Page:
playing a crucial role at all levels, in particular at the very top. Suharto and his family rank amongst the most corrupt leaderships of all time. He is thought to have embezzled up to 35 billion US$ worth in riches from his poor country. However, as his regime was regarded as a convenient bulwark against communism
by the USA
and the West, his reign was never truly challenged internationally. After the end of the Cold War
, however, the mood gradually changed and support for Suharto waned.
The reign of Suharto finally ended only in 1999 when he was forced to step down amidst economic turmoil, following the South-East Asian financial crisis of 1998. It was a time of rioting (in Jakarta
and elsewhere), but also one of a fresh outlook into a future of reforms.
The economy as well as democracy have indeed improved a lot since Suharto was ousted, but many of his cronies have remained in powerful positions, and the issue of corruption continues to be a big problem – one that the population has increasingly been protesting about in recent years.
In the July 2014 presidential elections
, for the first time a candidate without any links to the old guard was the winner: Joko Widodo, commonly better known under the shorter nickname of Jokowi
. He had previously been mayor of Solo (Surakarta) and governor of Jakarta
and earned himself a reputation of a down-to-earth, honest and “hands-on” kind of politician; hence many have high hopes for him as president. Whether he will indeed be able to improve things for all of Indonesia too remains to be seen.
But back to dark history
: In 1975 Suharto (with the approval of the USA
) annexed East Timor
, which had up to then been a Portuguese colony, but after the fall of the dictatorship in Portugal
was looking towards independence (cf. Cape Verde
). Again under the pretext of stalling a dangerous threat of communism
, the Indonesians crushed any such aspirations of independence and subjected the country to a 25-year brutal occupation, including periods of violence that practically amounted to genocide
as well. See under East Timor
At the other end of the country, in western Sumatra, the region of Aceh had also seen its share of resistance fighting against being ruled from Jakarta. Here too the Indonesian military resorted to recruiting local militias to do the “dirty work” on the ground, while using its air-force power in more direct ways as well.
The latter conflict was brought more or less to an end in the wake of the 2004 tsunami
disaster, when both sides agreed to lay down their arms and instead concentrate on rebuilding the devastated area. The province was granted a greater degree of self-determination, which it used to introduce Sharia law (strict application of the laws of the Koran). But otherwise peace seems to be lasting … see under Banda Aceh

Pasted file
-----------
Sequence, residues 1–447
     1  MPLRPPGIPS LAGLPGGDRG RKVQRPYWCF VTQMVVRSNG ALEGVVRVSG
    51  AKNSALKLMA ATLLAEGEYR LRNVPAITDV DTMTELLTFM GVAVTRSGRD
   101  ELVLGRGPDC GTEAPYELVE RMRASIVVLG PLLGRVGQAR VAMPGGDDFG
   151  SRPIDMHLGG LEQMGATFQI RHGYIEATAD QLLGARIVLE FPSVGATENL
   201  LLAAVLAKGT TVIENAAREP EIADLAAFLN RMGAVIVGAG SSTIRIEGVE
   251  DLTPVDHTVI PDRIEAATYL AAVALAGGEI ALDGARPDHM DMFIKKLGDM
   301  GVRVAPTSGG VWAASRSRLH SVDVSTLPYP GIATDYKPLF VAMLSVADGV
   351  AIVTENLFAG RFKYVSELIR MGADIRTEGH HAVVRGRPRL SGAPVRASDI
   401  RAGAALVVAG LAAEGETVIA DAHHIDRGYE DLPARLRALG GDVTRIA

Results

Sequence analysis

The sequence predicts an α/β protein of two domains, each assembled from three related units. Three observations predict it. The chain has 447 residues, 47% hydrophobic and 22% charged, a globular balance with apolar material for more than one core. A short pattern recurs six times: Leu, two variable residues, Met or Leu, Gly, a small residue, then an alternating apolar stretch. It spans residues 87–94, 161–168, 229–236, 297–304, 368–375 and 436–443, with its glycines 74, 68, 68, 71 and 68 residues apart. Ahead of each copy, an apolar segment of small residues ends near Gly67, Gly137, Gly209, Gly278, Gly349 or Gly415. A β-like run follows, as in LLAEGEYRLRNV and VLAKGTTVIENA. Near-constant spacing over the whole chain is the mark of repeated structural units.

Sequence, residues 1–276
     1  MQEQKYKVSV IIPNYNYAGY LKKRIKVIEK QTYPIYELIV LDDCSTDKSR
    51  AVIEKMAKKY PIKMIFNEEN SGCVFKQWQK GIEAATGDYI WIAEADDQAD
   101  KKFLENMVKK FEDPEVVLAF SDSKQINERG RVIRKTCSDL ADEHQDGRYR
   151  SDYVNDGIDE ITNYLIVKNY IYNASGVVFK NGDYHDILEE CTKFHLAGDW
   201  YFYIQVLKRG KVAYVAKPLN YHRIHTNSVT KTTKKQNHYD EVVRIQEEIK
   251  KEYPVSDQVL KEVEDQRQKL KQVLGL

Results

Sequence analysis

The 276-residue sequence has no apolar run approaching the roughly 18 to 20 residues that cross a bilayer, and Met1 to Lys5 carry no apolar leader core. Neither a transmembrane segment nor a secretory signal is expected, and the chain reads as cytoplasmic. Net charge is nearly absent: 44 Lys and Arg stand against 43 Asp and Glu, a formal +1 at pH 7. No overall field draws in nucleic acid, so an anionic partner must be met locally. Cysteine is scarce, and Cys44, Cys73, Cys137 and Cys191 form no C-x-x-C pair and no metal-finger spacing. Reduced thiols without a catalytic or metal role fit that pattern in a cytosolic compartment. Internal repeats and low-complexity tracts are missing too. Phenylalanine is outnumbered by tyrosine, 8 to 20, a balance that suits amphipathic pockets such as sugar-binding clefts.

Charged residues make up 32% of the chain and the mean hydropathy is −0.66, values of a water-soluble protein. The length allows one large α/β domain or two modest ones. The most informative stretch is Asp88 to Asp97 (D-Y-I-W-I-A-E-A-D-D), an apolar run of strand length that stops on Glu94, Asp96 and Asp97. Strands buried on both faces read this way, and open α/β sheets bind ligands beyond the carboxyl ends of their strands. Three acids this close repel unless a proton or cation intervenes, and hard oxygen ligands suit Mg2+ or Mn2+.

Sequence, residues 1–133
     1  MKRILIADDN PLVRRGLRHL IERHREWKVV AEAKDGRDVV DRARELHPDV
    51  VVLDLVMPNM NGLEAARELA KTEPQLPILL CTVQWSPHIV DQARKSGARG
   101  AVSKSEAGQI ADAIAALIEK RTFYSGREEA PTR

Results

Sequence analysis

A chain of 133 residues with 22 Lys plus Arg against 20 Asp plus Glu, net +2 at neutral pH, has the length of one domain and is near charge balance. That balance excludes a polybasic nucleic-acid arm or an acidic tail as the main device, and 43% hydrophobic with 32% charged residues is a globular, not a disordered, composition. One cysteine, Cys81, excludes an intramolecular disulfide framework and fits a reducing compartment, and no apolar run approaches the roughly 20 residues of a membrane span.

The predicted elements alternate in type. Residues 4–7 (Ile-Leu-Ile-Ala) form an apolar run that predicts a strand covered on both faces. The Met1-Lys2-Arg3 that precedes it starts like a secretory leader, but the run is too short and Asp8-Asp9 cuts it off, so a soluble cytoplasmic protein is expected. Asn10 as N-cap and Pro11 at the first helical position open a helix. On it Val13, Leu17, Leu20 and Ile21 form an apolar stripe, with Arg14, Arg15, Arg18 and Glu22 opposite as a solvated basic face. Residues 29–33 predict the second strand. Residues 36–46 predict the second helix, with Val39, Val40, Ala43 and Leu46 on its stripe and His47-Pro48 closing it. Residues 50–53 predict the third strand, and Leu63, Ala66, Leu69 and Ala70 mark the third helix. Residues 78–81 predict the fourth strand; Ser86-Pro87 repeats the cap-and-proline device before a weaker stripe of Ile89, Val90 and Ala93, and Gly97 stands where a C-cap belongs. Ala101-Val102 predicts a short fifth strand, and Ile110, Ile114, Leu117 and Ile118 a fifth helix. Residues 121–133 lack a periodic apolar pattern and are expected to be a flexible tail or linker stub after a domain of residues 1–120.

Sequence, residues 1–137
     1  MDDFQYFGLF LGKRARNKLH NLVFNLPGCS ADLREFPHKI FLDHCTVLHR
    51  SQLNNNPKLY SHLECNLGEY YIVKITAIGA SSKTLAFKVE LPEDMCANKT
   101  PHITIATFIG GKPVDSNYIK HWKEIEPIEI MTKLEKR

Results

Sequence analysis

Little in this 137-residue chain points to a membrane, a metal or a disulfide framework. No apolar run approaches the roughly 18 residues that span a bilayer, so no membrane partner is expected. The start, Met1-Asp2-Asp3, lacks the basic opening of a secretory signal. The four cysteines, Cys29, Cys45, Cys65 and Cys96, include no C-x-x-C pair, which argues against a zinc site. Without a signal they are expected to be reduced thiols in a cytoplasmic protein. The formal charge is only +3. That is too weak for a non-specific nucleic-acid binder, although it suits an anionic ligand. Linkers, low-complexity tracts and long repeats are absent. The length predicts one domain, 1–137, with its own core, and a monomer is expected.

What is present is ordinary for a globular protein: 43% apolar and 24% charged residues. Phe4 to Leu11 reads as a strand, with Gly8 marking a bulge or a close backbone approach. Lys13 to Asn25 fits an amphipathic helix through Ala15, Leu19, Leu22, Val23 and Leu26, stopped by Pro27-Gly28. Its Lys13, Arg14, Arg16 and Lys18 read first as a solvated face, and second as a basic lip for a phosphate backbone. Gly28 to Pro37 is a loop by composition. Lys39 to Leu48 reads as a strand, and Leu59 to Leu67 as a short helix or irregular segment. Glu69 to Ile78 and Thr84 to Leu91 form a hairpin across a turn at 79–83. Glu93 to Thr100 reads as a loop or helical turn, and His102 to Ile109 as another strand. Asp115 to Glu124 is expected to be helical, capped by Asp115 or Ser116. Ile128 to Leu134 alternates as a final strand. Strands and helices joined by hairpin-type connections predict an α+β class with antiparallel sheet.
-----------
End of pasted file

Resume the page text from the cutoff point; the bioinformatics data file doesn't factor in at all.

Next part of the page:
The 2004 tsunami may have been Indonesia's worst natural disaster, but the country has also seen more than its fair share of other natural disasters
, in particular earthquakes and volcanic eruptions. In fact, no other country has more active volcanoes
This includes what is probably the best-known volcanic disaster of all time: the cataclysmic explosion of Krakatoa
in 1883 (which also triggered one of the worst tsunamis
in recorded history before 2004). Yet, the eruption of Tambora
in 1815 was worse still (four times as powerful, it is estimated, than Krakatoa), both in scale and worldwide knock-on effect. The huge amounts of ash which the volcano had released into the atmosphere affected the global climate – the period following the Tambora eruption is often referred to as the “year without summer”.
Amongst the various other dangerous and/or destructive volcanoes of Indonesia, Merapi
on Java is one of the most regularly active ones, while others have become known for their scenic appeal (Bromo
in particular) or other features, such as the unique blue flames of the sulphur mines inside the crater of Ijen
Not all disasters in Indonesia are so clearly natural – the mudflow of Sidoarjo
, which started in 2006, obliterated several villages and covered a vast area with a thick layer of grey mud, has been attributed by many to a gas-drilling attempt that had gone wrong (though this is contested and some claim there are totally natural explanations).
What is definitely a man-made environmental catastrophe is the way in which Indonesia's biosphere is being treated. Not only is slash-and-burn still a common practice in large parts of the forested areas, illegal logging remains a problem too, as does unregulated gold mining and larger-scale industrial mining of copper (and other mineral resources). One of the worst environmental issues of them all is that of palm-oil plantations – vast monoculture fields of oil palms have replaced swathes of invaluable primeval forest, especially on Borneo and Sumatra.
All this is a great threat to Indonesia's flora and fauna – the planet's second highest biodiversity in fact. The most prominent animals endangered by all of this are probably Indonesia's great apes, the orang utans. But other primate species are even more critically endangered already, such as Borneo's unique proboscis monkeys.